The observed variability in both benthic foraminifer and ostracod distribution reveals significant environmental changes over the last ~5 My, closely comparable with that observed at Site U1386. In general, the Pleistocene succession shows typical upper bathyal assemblages indicative of increased organic matter input and reduced ventilation. There is marked mixing with shelf-derived taxa in the Pliocene part of the succession as a result of direct input from downslope processes, and progressive upward increase in cold-water taxa, as noted also by planktonic assemblages. Periodic increases in bottom current energy and ventilation are indicated by both lithological changes and benthic faunas. Pollen and spores are abundant in most of the samples analyzed, together with microcharcoal and dinocysts. Together, these indicate normal (fresh) supply from Mediterranean forests and grasslands for the Pleistocene, a transitional zone mixed with corroded, reworked forms, and then a Pliocene succession with a notable absence of freshly-derived pollen.

Paleomagnetic measurements identified the Brunhes/Matuyama polarity transition (0.781 Ma), no clear Jaramillo Subchron, but a reliable end of the Olduvai subchron (1.778 Ma) towards the base of Unit I. These give reliable confirmation of the biostratigraphic dating for Site U1387, and confirm the relatively high rates of sedimentation through the contourite succession. Cyclic variation in the intensity of natural magnetic remanence and magnetic susceptibility require further study.

Physical property data show generally high values of natural gamma ray (NGR), magnetic susceptibility (MS) and (bulk) density within the topmost 50 m of Unit I, with lower values down-section. Cyclic variation in values, and the presence or absence of covariation between different parameters (and with sediment color), show a complex tracking of decimetric-scale cyclicity noted in lithological character. In some cases, high magnetic susceptibility values correspond to individual turbidites within the Pleistocene section, but not for those in the Pliocene.

The pore water profile at Site U1387 shows a similar shallow sulfate reduction zone to that found at Site U1386, followed by transition to methanogenesis. This is assumed related to high rates of organic matter accumulation. High alkalinity associated with sulfate reduction and anaerobic methane oxidation has resulted in authigenic calcite and dolomite formation. Iron sulfide minerals also formed as a consequence of sulfate reduction.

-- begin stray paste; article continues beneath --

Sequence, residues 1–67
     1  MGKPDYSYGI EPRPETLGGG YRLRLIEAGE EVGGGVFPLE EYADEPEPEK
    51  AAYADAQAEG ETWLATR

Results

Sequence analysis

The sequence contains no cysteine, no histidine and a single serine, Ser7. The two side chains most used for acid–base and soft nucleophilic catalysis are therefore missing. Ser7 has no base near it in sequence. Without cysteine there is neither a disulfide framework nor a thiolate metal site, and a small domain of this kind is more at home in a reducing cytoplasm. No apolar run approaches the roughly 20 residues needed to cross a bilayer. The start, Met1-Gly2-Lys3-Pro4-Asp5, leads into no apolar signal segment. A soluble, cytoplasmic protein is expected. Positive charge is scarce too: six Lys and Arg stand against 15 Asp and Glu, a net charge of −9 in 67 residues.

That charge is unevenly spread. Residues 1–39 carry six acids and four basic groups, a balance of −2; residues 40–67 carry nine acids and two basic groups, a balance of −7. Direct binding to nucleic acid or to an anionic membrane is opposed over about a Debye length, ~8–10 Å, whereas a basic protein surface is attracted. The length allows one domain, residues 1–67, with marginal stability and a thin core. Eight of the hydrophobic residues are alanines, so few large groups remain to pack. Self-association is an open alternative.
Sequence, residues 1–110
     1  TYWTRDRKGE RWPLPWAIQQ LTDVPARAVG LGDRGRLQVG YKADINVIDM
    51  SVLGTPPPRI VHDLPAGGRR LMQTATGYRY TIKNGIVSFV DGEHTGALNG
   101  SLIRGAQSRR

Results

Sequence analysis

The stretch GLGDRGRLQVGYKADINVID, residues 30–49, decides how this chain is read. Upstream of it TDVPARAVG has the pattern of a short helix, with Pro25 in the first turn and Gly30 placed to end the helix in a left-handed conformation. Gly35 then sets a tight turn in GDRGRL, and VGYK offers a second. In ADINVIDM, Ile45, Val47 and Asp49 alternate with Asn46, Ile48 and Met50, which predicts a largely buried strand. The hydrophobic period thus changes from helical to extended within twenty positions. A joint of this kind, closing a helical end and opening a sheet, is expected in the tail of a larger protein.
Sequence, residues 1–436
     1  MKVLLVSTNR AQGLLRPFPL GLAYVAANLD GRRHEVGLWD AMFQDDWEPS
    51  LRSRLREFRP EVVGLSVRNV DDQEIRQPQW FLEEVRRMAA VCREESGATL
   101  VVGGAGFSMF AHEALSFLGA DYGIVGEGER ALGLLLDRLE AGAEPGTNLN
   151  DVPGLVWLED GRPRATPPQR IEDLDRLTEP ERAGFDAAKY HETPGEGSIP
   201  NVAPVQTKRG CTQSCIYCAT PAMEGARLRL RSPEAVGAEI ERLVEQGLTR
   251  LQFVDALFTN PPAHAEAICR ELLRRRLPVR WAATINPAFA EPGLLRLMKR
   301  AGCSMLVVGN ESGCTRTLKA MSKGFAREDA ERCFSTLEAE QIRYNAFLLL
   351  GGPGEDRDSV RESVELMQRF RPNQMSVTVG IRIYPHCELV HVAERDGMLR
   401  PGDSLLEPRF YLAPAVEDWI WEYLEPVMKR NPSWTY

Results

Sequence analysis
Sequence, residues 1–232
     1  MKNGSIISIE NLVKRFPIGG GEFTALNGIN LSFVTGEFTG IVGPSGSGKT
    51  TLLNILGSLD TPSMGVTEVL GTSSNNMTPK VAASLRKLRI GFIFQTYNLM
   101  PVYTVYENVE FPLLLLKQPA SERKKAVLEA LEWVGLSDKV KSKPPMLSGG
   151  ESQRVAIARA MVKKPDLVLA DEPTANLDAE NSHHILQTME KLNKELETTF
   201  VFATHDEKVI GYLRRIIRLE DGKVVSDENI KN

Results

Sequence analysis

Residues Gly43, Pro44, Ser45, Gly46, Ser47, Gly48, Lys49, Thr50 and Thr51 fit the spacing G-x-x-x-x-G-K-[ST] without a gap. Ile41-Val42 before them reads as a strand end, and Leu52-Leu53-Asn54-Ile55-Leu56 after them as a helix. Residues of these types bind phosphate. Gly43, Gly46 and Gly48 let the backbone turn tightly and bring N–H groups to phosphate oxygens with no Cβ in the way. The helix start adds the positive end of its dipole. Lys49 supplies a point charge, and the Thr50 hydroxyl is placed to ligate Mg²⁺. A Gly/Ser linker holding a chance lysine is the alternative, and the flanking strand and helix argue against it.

Downhole measurements were made in Hole U1387C to a bridged-hole depth of 649 m with the first tool string. There was further bridging at shallower depths for subsequent tool strings. Moderately severe borehole rugosity has severely hampered shipboard interpretation, although the combination of logs used reflects in general both lithological changes and cementation observed in the recovered cores. Apparent cyclicity in some parts of the section will require further study following an attempt to correct for variation in borehole diameter. The sonic log and vertical seismic profile will be useful in refining our interpretation of key reflectors on seismic profiles at this site. Only one downhole temperature measurement was achieved at the site.


Although only 4 km apart, Sites U1386 and U1387 on the Faro Drift showed some interesting and significant differences, as well as similarities. There was the same thick Pleistocene–Holocene succession of mud/silt contourites at Site U1387, indicating a continuous record of mounded drift construction over the past 1.8 My, at an average sedimentation rate of 25 cm/ky. Metric-scale bi-gradational contourite cyclicity was common, also with evidence of a strong lateral supply of terrigenous material to the bottom currents, especially before about 1.8 Ma. Decimetric-scale cycles characterized by relative abundance and thickness of silty contourites are most evident on physical property and downhole logs. These correlate well between sites and with probable orbital-scale forcing. At Site U1387, the same extended Pliocene–Pleistocene hiatus as recognized at Site U1386 is also present, but occurs within the drift rather than at the floor of a channel, which was the case at Site U1386. We relate this to a phase of highly active MOW, which lasted for 1–2 My.

Interbedded contourites and turbidites characterize the later Pliocene phase of sheeted drift construction, with clear evidence of process interaction. The early Pliocene is dominated by resedimented facies, including, debrites, slump deposits, and channel-fill turbidite sandstones. This is likely due to widespread tectonic activity and resulting slope instability at a time close to the opening of the Gibraltar Gateway.

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Modified on Monday, 16-Jan-2012 15:26:40 CST.